Mechanisms Linking Land Use and Regional Climate Changes in West Africa

Tuesday, 16 December 2014: 10:35 AM
Guiling Wang1, Kazi F Ahmed1, Miao Yu1, Zhenming JI2 and Jeremy S Pal3, (1)University of Connecticut, Storrs, CT, United States, (2)Loyola Marymount University, Department of Civil Engineering and Environmental Science, Los Angeles, CA, United States, (3)Loyola Marymount University, Los Angeles, CA, United States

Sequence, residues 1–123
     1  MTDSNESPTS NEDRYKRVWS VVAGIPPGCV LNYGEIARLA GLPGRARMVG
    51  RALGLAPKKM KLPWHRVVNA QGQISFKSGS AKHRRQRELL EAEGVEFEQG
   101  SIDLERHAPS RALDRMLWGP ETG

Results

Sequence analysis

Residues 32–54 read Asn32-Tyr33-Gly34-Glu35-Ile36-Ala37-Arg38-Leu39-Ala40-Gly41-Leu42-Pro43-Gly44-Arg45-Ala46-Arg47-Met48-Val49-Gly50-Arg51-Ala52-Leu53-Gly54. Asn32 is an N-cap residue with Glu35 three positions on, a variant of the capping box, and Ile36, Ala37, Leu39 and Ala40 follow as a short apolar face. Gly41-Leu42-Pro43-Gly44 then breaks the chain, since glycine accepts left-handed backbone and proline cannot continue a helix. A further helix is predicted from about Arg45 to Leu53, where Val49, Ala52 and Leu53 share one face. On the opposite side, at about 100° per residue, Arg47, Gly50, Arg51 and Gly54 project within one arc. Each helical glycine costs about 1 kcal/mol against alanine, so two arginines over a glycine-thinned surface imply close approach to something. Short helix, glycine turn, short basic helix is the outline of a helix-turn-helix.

Land use land cover change is an important driver for regional climate changes in West Africa due to the strong land-atmosphere coupling. On the other hand, land use is also strongly influenced by climate changes due to the primarily rain-fed agriculture in this region and the relatively low capacity to adapt. It is therefore important that projections for future climate changes or land use changes account for the impact of the feedback between land use and climate. Land use influences regional climate through several different pathways, including changes in surface biogeophysical properties (e.g., surface albedo, Bowen ratio, surface roughness) that have been widely studied, and changes in the dynamic properties of the land surface influencing dust emission. The relative importance of these two pathways is likely to be model dependent and region dependent. In this study the effects of these two pathways will be evaluated and compared, based on results from a modeling framework that includes a regional climate-vegetation model, a crop growth model, an agricultural economics model, and a land use allocation model. This will be conducted in the context of future land use and climate change projections, with the ultimate objective to assess how agricultural land use in West Africa may change driven by climate and socioeconomic changes, and how the resulting land use change may further modify regional climate in the future.